Violence against women has been described by the United Nations as a "shadow pandemic" — with all types of gender-based violence (GBV), particularly domestic violence, intensifying amid COVID-19.
In Nigeria, according to the UN Population Fund (UNFPA), nearly 30% of girls in Nigeria have experienced physical violence by the age of 15, with lockdowns in major cities across the country resulting in an increase in violence against women and girls in Nigeria, as globally.
From Nov. 25 to Dec. 10, for the 16 Days of Activism Against Gender-Based Violence campaign, activists, individuals, NGOs, and more, are all working to raise awareness of gender-based violence, to share how we can all be part of the mission to eradicate it, and rally globally behind women and girls for the promotion and protection of their health and rights.
To mark the campaign, Global Citizen and Ford Foundation are announcing a 12-month partnership to combat the increase in gender-based violence in Nigeria, and to address the social and economic factors that have contributed to this increase.
Our partnership will focus on increasing awareness of the importance of financial inclusion and empowering women through advocacy. This is vital because women still are not yet economically equal to men, with factors including the burden of unpaid care work falling on women and girls, both in Nigeria and globally. According to UNICEF, 70% of domestic workers in Africa are women with little to no social protection.
With this partnership, Global Citizen and Ford Foundation will also drive awareness on new and increasing forms of GBV in Nigeria including gendered police brutality and online GBV.
Global Citizen and Ford Foundation will also highlight the work that activists and feminists in Nigeria are doing across a variety of areas and sectors to tackle GBV.
So much of the progress already made to combat GBV in Nigeria has been executed by Nigerian activists. Women like Ayodeji Osowobi, the founder of Stand To End Rape (STER) and 2020's winner of our Global Citizen Prize: Nigeria's Hero Award; Kemi DaSilva Ibru, the founder of Women At Risk International Foundation (WARIF), and Itoro Eze-Anaba, founder of Mirabel Center, to name a few, have been instrumental in advocating for better laws to protect women and girls, providing support for survivors, and creating safe spaces for women.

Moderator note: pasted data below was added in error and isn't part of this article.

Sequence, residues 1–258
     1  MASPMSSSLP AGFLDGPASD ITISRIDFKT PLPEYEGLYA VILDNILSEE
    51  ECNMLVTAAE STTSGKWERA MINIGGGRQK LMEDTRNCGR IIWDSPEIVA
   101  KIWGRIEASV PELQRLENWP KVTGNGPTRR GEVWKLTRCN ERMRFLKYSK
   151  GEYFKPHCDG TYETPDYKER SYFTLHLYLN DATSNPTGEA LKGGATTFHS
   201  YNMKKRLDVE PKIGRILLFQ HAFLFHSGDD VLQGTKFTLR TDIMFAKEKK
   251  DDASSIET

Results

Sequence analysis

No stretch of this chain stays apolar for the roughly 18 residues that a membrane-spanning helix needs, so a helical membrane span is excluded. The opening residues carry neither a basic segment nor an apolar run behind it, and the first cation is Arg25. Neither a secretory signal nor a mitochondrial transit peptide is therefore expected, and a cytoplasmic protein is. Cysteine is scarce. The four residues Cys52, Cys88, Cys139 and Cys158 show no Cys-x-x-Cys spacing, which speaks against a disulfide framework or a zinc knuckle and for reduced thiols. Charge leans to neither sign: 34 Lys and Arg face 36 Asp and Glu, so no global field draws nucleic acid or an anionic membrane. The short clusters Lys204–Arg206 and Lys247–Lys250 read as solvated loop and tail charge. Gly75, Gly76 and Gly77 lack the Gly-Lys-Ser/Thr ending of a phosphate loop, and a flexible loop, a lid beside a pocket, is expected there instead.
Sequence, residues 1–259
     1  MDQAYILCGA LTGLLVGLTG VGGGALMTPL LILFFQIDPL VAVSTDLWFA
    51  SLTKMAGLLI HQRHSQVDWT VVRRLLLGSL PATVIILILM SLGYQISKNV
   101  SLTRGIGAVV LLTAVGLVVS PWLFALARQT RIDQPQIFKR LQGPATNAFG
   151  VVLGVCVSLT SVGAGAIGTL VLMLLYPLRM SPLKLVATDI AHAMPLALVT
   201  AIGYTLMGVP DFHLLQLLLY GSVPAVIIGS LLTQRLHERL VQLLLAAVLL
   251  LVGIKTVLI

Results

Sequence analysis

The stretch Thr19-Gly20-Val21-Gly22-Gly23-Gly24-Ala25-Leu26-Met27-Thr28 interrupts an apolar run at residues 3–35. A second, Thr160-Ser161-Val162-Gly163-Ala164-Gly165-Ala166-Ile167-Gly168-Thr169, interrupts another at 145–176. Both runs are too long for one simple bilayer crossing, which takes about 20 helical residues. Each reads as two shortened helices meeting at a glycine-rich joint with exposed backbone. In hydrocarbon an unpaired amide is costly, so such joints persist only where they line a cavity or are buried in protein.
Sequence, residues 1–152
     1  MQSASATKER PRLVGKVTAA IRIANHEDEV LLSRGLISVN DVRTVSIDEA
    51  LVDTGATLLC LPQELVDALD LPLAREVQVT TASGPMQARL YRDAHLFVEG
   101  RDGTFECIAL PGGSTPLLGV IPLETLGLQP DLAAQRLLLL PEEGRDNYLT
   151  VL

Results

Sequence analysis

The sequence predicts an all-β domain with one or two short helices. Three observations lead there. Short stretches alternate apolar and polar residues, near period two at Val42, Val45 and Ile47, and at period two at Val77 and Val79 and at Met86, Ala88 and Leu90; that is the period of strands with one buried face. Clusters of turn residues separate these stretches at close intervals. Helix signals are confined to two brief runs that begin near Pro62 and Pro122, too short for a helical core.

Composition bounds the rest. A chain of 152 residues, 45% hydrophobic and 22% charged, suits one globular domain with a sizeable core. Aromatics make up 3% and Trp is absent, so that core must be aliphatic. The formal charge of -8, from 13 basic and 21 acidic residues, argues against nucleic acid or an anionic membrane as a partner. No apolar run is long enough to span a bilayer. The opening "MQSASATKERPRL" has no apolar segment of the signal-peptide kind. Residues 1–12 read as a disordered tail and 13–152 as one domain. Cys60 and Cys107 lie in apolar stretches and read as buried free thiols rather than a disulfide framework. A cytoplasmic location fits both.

“Gender-based violence has been a long standing issue in Nigeria and millions of Nigerian girls and women have experienced the worst of it," said Maimuna Maibe, Country Director at Global Citizen. "Through our partnership with the Ford Foundation, we are committing to expand our existing advocacy framework by deepening our engagement with activists, leaders, and stakeholders to improve the lives of the girls and women who are most affected by GBV."
"Together, we are going to highlight newer forms of GBV that thrive in non-traditional spaces like social media, and work with policymakers to protect the rights and opportunities of young girls in those environments," continued Maibe. "We are confident that the impact of this partnership will be immense.”
This partnership will amplify the stories of these women and other amazing activists who are advocating against GBV in Nigeria, sharing their stories with a wider audience, raising awareness, and inspiring others to join them in taking action.
A major part of the Global Citizen and Ford Foundation partnership will be encouraging Global Citizens to take action with us to help tackle GBV. Global Citizens can help right now by calling on the Nigerian government to do more to protect women and girls by adopting laws such as the Violence Against Persons Prohibition (VAPP) act across all 36 states.
The VAPP act protects women in Nigeria from all forms of GBV by punishing offenders and providing financial compensation to survivors. The act has been domesticated by 16 out of the 36 states in Nigeria and by holding the state and federal governments accountable, full implementation of the law is possible.
Women’s rights are human rights — and they must be promoted and protected. This 16 Days of Activism Against Gender-Based Violence, from Nov. 25 to Dec. 10, we’re asking Global Citizens to join us for our #16Days Challenge, to take a simple action each day that will help you learn more about women’s rights, bodily autonomy, and gender violence online.
You’ll start important conversations with your loved ones, advocate on social media for women’s and girls’ right to their own bodies, support women-owned businesses in your community, sign petitions to support bodily autonomy, and more. Find out more about the #16Days Challenge and start taking action here.